Labour is pro-business, not business as usual


This article was first published on Politics Home on July 10 2014. 

This is why we initiated Britain’s first-ever Small Business Saturday last year, the biggest celebration of enterprise our country has ever seen, with half a billion pounds of additional revenue ringing through tills on the day.

And it’s why Labour commissioned Mike Wright, Executive Director of one of the country’s largest and best known companies - Jaguar Land Rover - to deliver a report on strengthening supply chains in the manufacturing sector which the CBI welcomed and said shone a “welcome spotlight on the importance of the advanced manufacturing sector”.

So we are determined to foster an environment where businesses of all sizes can thrive. This means better business support, particularly for start-ups, which is why Labour would establish a Small Business Administration based on the successful US equivalent which the Federation of Small Businesses has called for.

It means a revolutionised skills system, with a greater role for employers enabling the creation of more well-paid skilled jobs, as the British Chambers of Commerce have said.

But it also means ensuring that firms of all sizes can get access to the finance they need. This is why we advocate increasing competition in banking and setting up a proper British Investment Bank backed up by a regional network – so businesses get a better deal from our banking sector. Recent Bank of England statistics show that net lending to businesses has fallen by £2.2bn in the last quarter – with lending to small and medium-sized businesses down by £1 billion. This is why we must act.

And we must address Britain’s long-term infrastructure requirements which businesses desperately needs to function.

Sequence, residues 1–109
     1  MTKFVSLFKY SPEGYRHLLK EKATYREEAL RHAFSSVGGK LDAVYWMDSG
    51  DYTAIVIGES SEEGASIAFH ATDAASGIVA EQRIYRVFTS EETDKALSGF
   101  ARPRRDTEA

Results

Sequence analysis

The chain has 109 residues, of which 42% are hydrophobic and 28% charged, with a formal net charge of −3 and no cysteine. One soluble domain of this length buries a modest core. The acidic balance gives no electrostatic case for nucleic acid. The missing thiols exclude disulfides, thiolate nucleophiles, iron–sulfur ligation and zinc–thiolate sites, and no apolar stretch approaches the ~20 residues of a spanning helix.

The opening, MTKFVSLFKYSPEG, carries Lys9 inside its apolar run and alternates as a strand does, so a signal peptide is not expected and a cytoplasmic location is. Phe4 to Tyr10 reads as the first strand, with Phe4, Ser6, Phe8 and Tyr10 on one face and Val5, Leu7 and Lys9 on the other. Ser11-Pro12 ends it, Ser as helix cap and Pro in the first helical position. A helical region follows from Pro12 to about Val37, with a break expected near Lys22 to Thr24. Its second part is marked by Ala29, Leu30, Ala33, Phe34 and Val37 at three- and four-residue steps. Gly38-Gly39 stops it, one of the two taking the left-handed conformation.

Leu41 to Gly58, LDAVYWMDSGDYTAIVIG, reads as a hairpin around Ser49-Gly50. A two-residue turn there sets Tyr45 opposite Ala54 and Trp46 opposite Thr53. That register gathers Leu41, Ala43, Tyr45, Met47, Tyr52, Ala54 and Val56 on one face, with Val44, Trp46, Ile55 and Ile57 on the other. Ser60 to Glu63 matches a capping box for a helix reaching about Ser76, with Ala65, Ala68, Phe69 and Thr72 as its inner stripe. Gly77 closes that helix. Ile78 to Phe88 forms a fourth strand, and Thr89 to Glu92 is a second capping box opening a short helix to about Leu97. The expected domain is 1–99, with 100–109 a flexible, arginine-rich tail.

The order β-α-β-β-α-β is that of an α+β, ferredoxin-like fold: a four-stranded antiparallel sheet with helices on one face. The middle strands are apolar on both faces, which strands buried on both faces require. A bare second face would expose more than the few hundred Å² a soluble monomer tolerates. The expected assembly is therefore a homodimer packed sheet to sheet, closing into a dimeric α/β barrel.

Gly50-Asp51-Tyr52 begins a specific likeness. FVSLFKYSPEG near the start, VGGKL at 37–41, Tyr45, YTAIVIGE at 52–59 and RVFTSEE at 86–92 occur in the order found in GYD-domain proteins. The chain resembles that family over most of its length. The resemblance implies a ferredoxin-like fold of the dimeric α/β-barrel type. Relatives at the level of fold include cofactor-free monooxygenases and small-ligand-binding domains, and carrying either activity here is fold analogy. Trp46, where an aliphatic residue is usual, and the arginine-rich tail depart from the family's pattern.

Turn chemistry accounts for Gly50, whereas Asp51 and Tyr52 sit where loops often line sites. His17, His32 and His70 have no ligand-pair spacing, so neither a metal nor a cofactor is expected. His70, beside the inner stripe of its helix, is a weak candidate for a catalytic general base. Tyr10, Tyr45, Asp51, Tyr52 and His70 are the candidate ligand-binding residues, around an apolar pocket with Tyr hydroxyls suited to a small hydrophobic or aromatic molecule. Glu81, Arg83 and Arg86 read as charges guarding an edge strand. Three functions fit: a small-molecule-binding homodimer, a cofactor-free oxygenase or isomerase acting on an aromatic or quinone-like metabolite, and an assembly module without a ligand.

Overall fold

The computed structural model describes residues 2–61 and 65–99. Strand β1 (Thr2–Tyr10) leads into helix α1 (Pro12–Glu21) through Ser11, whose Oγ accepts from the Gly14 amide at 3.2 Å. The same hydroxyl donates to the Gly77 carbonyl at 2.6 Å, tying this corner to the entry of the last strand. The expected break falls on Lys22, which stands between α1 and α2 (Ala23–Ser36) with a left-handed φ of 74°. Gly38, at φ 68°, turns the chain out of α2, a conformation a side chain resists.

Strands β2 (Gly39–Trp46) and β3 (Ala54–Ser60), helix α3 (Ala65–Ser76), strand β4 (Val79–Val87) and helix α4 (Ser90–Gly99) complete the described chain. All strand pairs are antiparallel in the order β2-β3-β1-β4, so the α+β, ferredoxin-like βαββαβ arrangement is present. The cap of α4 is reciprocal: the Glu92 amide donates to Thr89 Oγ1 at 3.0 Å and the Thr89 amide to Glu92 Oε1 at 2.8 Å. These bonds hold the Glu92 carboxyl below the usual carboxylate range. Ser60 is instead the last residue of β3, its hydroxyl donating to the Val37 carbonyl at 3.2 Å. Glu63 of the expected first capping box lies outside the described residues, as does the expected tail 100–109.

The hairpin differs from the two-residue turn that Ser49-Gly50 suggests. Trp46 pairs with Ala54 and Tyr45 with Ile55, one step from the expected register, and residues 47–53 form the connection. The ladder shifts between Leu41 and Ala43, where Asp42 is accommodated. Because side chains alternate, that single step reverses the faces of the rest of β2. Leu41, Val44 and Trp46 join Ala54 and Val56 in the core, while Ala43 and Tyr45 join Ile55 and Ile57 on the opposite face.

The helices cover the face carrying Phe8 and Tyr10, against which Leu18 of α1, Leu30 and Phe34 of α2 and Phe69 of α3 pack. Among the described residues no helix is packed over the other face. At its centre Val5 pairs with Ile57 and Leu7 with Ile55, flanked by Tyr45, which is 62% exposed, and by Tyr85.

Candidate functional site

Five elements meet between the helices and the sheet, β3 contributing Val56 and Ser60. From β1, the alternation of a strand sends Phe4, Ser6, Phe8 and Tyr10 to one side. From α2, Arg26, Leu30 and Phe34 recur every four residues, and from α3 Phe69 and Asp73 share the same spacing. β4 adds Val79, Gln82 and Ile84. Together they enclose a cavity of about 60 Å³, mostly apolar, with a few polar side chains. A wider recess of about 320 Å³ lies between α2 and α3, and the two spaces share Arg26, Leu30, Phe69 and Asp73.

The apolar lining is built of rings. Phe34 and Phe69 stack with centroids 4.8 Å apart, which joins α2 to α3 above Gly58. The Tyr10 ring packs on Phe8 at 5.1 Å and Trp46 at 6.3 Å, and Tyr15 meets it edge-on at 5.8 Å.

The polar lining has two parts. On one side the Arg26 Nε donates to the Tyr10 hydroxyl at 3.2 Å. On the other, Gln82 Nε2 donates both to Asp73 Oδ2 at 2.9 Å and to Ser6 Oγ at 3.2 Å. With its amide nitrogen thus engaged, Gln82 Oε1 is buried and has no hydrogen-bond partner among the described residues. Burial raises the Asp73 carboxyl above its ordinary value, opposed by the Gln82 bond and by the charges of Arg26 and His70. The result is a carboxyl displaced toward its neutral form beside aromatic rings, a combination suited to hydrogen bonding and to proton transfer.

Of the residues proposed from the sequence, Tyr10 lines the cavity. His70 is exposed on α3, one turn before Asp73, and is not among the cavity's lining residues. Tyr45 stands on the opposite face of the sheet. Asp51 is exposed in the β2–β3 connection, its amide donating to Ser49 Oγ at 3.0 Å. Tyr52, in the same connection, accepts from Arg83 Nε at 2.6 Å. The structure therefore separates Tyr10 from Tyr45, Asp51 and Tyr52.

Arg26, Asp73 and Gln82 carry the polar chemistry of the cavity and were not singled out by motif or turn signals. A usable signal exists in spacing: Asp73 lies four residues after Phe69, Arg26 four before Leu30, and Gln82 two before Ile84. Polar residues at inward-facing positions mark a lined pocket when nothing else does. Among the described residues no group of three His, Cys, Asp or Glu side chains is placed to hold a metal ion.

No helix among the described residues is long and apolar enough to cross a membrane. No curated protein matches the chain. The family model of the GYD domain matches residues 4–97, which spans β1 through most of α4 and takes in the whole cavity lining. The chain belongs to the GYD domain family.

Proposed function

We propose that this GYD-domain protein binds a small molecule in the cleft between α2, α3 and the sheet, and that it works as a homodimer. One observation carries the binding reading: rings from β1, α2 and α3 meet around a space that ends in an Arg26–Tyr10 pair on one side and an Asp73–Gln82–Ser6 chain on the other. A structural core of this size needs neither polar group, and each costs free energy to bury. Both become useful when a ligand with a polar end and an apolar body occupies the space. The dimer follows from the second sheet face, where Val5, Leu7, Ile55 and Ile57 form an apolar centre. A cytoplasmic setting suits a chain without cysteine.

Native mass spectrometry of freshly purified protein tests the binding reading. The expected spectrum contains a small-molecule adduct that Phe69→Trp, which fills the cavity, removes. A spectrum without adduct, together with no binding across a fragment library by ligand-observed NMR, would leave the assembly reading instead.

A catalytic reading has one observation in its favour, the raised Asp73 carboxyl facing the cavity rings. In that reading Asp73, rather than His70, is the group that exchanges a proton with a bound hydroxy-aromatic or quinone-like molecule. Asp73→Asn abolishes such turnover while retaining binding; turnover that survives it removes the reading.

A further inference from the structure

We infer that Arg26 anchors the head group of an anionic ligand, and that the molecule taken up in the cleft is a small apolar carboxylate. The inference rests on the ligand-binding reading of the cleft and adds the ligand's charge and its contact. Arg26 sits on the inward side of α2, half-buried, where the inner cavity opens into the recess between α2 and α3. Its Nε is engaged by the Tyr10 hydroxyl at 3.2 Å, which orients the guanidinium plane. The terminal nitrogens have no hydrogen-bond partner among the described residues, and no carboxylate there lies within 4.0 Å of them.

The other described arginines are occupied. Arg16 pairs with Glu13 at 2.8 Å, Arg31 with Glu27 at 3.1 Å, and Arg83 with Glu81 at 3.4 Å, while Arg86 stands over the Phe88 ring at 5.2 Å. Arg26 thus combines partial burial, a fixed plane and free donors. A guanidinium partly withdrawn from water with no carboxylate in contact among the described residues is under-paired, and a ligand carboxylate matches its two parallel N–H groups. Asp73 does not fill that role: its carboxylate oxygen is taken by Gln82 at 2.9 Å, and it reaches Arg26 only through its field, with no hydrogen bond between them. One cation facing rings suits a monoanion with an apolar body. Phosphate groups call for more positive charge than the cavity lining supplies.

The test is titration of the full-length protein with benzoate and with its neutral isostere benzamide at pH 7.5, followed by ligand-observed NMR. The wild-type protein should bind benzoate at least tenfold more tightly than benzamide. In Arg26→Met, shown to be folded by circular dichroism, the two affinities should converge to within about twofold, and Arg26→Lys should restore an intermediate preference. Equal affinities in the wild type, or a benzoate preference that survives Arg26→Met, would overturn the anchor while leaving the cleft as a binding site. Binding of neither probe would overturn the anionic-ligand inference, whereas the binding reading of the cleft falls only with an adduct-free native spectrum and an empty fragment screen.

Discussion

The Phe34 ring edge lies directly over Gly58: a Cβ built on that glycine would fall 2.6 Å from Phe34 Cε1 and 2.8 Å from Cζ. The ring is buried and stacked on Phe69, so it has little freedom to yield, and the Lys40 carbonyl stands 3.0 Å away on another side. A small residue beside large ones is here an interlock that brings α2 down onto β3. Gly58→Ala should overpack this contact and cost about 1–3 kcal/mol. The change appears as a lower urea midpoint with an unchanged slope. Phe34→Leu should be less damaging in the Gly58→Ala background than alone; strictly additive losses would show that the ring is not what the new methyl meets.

So we are backing the proposal brought forward by Sir John Armitt, formerly chairman of the Olympic Delivery Authority, in his report for Labour for an Independent Infrastructure Commission. This Commission would assess the UK’s infrastructure needs decades ahead, and hold government to account in meeting them.

Britain has some of the highest rail fares in Europe, with commuter fares up 20% since 2010. That hurts businesses and passengers alike. Labour will remove the ‘flex’ on fares brought back by this Government and introduce a tough cap on rail fares.

In the middle of a cost-of-living crisis, we must deliver better value for money for both passengers and taxpayers through reform of the rail market. We need to end the stop-start cycle of rail procurement which holds back investment and harms businesses, large and small, in the rail supply chain. And we need to reform the government’s chaotic franchising system which wasted over £50m of public money on the West Coast mainline franchise fiasco.

Because of the rough treatment which many firms receive from others, for example the banks, they would take great offence at being lumped into the same bracket when people talk in generalised terms about British businesses.

So Labour is clear that we whilst we are resolutely pro-business, we are not pro-business as usual. In the minority of sectors and markets where we have seen a lack of competition having an adverse impact on small businesses and consumers alike, Labour will not stand idly by. We make no apology for acting to make markets more competitive and acting in the interest of consumers and small firms where a lack of competitiveness has harmful consequences. Those who benefit from the status quo do not speak for more than four million businesses across Britain.

It is Britain’s businesses of all sizes and their employees which have seen us through the downturn, and it is they who will take us through to a more prosperous future.


This was a joint article with Mary Creagh MP